Phact 5. Niccolo Paganini, regarded by many people to be the greatest violin virtuoso ever, was so good that he was thought to be the son of the Devil or to have sold his soul for his talent. Therefore he was forced to publish his mother’s letters to him in order to prove that he had human parents.

Today's guest is an actress, singer, and producer. Her albums "AM/FM" and self-titled "Rita Wilson" are available on iTunes and Amazon. Please welcome to the Phile... Rita Wilson. 

Me: Hello, Rita, welcome to the Phile. How are you doing? 

Rita: Thank you, it's a pleasure to be here. 

Me: So, I had actor Jeff Daniels here on the Phile last June and we mostly talked about his music and songwriting. Now you are doing a lot of songwriting, and are pretty good at it. Is this a new thing for you? 

Rita: Thank you. I think it's like a crash course in songwriting but I feel that I'm pretty lucky that in a certain sense because I'm able to do things that I really love to do. To act, write, produce, and do music now which came to me rather late in life. 

Me: So, did you always want to be a songwriter, Rita? 

Rita: People always ask me that and the answer was always yes. I think when you're younger so many other things come into it... fear, the ability to find your community. I grew up in Hollywood, California and went to Hollywood High School and I didn't know anyone who was in a band or music or knew anyone who did that and was a singer. I would of loved to have done music at that age but I just didn't know how to do it. The closet thing I got to songwriters was being a ticket taker at the Universal Amphitheater. The reason that job was so great was because I would take the physical ticket, tear it in half, go and count the tickets, as people were getting into the theater and watching the opening act. Then we had the privilege of watching all of the acts come through there during the summer so people like Jimi Mitchell, Linda Ronstadt, Crosby, Stills and Nash, The Eagles, Steve Martin doing his comedy, Carole King, James Taylor... it just went on and on. I remember thinking oh my God, how do they get up there? How did they start? Where was their point zero? How do you do that? By then I already began acting and that was sort of taking precedence because I was working fortunately. But it was always in the back of my mind. I guess that's the one that got away, Jason, is music.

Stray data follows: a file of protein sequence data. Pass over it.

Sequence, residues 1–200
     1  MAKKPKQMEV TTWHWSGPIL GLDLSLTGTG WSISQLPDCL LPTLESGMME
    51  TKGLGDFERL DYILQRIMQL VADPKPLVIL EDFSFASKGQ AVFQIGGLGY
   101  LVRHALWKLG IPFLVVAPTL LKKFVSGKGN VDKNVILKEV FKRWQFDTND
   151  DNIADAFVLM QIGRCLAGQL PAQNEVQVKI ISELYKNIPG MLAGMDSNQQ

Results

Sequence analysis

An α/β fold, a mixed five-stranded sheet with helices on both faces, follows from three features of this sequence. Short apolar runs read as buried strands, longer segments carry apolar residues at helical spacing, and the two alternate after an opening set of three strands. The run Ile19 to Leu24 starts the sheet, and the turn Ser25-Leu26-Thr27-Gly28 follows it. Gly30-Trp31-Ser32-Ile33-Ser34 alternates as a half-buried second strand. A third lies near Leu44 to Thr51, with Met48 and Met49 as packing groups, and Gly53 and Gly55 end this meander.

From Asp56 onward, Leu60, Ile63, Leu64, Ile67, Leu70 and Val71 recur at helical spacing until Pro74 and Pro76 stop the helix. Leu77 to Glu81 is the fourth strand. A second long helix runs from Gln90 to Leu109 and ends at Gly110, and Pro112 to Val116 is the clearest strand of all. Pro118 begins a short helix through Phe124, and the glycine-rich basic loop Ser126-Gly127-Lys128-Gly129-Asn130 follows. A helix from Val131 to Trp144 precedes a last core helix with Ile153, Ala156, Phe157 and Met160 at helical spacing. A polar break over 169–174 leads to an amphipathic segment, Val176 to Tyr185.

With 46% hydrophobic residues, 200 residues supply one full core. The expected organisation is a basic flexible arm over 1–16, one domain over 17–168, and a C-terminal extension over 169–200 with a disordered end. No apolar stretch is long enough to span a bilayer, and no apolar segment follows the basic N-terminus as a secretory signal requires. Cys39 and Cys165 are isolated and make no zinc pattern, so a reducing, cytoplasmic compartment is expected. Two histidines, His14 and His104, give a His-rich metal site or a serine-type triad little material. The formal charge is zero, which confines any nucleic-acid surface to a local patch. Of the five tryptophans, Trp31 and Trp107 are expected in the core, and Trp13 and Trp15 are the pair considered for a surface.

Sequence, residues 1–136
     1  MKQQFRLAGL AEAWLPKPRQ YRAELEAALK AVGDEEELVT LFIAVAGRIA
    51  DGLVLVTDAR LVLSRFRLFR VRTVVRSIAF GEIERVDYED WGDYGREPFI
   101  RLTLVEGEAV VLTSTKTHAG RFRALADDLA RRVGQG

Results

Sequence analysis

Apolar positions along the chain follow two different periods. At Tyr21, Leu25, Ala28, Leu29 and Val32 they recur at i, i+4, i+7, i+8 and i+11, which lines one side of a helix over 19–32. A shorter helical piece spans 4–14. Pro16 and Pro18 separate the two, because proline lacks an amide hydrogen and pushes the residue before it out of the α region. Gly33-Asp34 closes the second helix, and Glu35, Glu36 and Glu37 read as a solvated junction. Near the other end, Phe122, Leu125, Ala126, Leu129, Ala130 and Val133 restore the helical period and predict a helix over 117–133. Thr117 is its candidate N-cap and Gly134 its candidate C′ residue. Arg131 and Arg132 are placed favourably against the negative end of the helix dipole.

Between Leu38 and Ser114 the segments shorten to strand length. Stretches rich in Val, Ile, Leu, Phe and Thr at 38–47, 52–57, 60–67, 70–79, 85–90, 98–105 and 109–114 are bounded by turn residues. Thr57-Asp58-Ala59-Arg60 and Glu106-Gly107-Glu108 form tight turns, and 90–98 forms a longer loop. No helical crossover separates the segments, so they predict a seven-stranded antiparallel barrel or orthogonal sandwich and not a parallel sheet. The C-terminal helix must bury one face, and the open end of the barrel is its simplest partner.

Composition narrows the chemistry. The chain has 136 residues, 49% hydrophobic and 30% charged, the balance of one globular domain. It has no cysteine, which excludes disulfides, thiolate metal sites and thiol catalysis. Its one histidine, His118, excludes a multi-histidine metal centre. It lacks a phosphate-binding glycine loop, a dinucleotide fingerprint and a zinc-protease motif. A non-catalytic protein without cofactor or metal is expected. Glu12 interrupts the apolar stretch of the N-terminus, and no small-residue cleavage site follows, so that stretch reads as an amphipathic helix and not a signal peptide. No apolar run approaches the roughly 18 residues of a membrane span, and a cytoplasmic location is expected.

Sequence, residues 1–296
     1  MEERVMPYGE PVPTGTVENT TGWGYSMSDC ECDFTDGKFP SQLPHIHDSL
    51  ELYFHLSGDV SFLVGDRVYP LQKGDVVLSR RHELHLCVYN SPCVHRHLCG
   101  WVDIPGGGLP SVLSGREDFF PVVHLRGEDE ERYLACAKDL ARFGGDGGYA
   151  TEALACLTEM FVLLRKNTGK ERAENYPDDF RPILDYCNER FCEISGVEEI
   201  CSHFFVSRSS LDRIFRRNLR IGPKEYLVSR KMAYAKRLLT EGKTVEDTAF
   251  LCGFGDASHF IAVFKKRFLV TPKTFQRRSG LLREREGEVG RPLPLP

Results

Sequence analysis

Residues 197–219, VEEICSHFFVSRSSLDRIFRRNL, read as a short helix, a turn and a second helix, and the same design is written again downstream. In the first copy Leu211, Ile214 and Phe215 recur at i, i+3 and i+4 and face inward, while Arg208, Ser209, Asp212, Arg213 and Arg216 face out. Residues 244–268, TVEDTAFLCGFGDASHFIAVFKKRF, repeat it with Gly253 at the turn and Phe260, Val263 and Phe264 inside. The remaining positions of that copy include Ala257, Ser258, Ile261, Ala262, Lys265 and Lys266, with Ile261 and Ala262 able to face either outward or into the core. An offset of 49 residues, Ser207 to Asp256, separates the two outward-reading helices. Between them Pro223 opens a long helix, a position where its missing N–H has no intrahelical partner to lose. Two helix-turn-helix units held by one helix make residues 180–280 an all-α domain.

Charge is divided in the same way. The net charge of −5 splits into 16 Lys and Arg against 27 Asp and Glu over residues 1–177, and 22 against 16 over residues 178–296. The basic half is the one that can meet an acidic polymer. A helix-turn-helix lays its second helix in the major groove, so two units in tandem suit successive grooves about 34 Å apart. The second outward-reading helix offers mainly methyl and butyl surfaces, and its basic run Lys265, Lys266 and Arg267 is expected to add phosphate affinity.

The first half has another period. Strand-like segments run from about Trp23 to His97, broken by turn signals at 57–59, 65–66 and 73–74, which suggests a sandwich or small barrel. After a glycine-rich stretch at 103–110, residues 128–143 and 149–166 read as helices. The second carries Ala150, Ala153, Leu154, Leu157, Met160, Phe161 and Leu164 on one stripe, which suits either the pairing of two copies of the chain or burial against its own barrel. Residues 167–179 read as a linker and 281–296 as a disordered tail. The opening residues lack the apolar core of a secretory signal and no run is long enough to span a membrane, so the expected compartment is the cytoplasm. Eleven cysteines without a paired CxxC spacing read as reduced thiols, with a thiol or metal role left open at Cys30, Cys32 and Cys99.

Me: So, how did you start getting into music then? 

Rita: It wasn't until I had an idea to do a show, like a Broadway show or an Off-Broadway show that was going to be dealing with music from the 70s. I went to talk to a friend of mine, Jay Landers who is a very well known A&R guy about the music from that period. I told him what I was thinking of, I had my songs selected, he asked me if I was going to be IN the show and I said I didn't know, it was really too early to tell. He said, "Well, have you ever thought about doing an album of these songs and see where that takes you?" Before I knew it he introduced me to a producer, Fed Mullin, and we were going through songs and literally in a sort of surreal way I found myself making an album. LOL. That's really how it started. I don't think I would of ever done it just because... I'm too chicken and that point to do it and say oh, I'm going to be one of those actors who decides they are going to play music now. Oh, sign me up. I'll be with Russell Crowe and Bruce Willis and Eddie Murphy. LOL. 

Me: So, how did you get into songwriting, Rita?